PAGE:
Former Avon Products CEO Andrea Jung presents on leading in a global world. (Photo courtesy of ATD)
We’re done with the second day of ATD’s 2015 conference, and so far it’s permitted leaders to be self-centered.
That’s a good thing.
Between the keynote, a panel and a handful of attendees I’ve met since touching down in sunny Orlando, Florida, everything has related back to the idea that leaders need to remember to develop themselves and examine their own work.
On Sunday, I went to a session that put us into four-person discussion groups. As we introduced ourselves, I realized I wasn’t just the only American in the group, but the only one who spoke English as a first language. My group members were from Tokyo, Singapore and Mexico City — a fact that I didn’t know would set the tone for Monday, which kicked off with a keynote by Andrea Jung, former CEO of Avon Products and global leader extraordinaire.
Jung worked for Avon for 20 years, spending 13 of them as CEO. She left to apply what she had learned about human resources, leadership and global business to lead Grameen America, a microfinancial organization that provides loans to women in poverty so they can start businesses. As she said, making the right decision relies on paying attention to your compass — your heart — and not the clock in your head.
While at Avon, which has more than 6 million sales representatives around the world, Jung learned that “you cannot reinvent your organization without reinventing yourself first,” she said.
One way she did this was by “firing” herself on Friday night and returning on Monday like a new leader stepping into the corner office, ready to scrutinize the decisions she had made with humility and clarity.
Jung: Balance is possible, but not on the same day ??. Don't look back, make those tough decisions. #ATD2015
— Kellye Whitney (@kellyewhit) May 18, 2015
This thought would carry on to a panel called “Learning from the Leaders Behind the Leaders,” which included executive coaching gurus Bill Treasurer, Elaine Biech, Marshall Goldsmith, Jim Kouzes and Kevin Eikenberry.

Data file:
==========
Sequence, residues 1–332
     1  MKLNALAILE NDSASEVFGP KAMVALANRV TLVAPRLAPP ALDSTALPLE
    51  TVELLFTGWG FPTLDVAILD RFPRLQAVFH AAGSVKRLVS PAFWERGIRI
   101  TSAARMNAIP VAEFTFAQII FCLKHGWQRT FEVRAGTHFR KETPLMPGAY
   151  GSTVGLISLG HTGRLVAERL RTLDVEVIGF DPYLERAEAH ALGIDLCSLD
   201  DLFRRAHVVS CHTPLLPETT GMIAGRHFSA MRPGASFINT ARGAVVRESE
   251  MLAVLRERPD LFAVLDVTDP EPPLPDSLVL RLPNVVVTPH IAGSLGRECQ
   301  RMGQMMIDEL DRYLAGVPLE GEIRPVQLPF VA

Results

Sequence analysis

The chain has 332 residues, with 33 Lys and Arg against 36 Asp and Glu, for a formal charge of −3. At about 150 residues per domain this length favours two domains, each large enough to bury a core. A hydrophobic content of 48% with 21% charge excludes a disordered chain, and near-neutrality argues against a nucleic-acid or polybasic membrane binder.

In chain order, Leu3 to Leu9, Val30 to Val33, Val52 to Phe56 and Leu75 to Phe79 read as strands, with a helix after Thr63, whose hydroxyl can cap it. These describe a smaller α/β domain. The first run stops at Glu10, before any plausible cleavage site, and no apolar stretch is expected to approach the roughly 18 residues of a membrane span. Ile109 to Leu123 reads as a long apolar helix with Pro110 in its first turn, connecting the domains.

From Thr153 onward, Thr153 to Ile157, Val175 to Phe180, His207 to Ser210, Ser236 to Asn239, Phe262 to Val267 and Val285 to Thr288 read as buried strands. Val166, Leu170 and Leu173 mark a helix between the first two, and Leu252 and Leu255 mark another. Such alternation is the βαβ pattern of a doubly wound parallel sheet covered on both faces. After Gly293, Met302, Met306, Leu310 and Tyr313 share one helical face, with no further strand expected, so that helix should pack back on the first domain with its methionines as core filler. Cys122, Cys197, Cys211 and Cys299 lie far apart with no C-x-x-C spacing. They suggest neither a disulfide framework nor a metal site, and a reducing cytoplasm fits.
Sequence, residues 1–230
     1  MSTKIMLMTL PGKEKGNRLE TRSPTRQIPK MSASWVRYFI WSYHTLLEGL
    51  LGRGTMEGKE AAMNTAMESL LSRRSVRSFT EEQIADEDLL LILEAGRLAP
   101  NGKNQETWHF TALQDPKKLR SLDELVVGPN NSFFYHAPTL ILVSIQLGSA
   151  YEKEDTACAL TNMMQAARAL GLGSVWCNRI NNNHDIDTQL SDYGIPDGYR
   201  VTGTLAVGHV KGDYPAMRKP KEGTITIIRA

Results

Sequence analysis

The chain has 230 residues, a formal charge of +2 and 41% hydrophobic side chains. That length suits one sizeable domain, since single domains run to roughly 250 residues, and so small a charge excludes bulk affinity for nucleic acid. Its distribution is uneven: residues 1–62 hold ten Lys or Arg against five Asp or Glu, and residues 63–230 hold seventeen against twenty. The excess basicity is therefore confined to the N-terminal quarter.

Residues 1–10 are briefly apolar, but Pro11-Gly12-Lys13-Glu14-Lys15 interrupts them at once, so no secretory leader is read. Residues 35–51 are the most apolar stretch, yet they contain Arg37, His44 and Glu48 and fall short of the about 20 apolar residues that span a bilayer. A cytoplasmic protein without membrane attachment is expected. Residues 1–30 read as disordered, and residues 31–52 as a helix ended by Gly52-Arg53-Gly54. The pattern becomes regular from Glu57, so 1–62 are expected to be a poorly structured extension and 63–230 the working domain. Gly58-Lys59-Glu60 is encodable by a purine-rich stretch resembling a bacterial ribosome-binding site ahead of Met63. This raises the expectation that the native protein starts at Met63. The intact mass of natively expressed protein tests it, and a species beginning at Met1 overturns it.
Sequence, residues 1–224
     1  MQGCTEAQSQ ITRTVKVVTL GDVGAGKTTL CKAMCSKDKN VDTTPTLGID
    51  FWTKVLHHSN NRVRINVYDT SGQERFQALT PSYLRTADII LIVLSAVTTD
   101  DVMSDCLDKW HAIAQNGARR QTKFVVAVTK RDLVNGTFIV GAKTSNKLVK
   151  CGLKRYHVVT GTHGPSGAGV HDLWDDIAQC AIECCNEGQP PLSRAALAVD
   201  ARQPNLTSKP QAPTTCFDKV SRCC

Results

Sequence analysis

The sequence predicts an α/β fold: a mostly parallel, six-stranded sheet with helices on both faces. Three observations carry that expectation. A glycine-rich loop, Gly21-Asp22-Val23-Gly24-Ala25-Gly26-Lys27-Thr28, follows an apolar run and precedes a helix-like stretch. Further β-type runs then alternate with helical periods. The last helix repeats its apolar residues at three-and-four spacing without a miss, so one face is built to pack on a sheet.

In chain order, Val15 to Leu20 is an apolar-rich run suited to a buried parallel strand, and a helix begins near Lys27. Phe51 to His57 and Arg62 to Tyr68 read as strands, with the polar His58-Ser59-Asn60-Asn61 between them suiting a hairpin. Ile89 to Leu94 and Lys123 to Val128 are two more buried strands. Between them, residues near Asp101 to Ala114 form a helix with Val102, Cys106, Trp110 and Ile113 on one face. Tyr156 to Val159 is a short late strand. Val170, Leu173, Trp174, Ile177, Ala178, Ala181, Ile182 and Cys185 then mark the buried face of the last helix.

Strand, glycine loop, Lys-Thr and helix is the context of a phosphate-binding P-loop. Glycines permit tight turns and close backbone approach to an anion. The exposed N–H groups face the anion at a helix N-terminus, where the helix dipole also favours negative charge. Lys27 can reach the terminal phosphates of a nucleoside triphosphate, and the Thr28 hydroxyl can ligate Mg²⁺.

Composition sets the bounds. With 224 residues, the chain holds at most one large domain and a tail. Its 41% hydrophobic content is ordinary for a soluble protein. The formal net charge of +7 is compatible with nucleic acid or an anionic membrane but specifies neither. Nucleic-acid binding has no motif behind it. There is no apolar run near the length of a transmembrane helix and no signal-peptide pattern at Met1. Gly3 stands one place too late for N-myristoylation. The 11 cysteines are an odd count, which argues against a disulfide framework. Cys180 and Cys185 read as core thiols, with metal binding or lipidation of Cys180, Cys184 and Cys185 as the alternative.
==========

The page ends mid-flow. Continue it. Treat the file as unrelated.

“The first person you have to lead is yourself,” Kouzes said, reiterating Jung’s sentiment.
One of the most practical pieces of advice was Goldsmith’s idea to score yourself every week based on how you perform in different, important aspects of your life. He warned that few people are pleased with the scores they give themselves, as it’s easy to talk the talk but hard to live the life that balances it all, from humility and confidence to home and work.
As Jung — who was a single mother while a CEO — said, you can have balance but not in the same day, and leaders have to be OK with that. One time, she had to decide between attending a 10-CEO meeting on tax issues at the White House and being at her daughter’s most important day of school. She chose the latter, as then-President George W. Bush wouldn’t remember that she wasn’t at the meeting, but her daughter would always know that Mom hadn’t been there for her.
That brings me to the final lesson of the day, which came in a personal connection I made with another attendee. Leadership development isn’t just global like at Avon but also insanely close to home — in my case, literally. I met a junior from Wheaton College, a small evangelical school just down the street from where I live back in Chicago suburbia. She’s about to take on a service leadership role and wanted to get more ideas for how to succeed.
So, my ATD experience started by meeting people from the other side of the globe, and closed Monday with meeting a young leader who goes to school 10 minutes from my house. They are all looking to improve themselves as well as others.
As Jung said, “Progress in leadership development is our only hope. Only people can drive change."Filed under: Leadership Development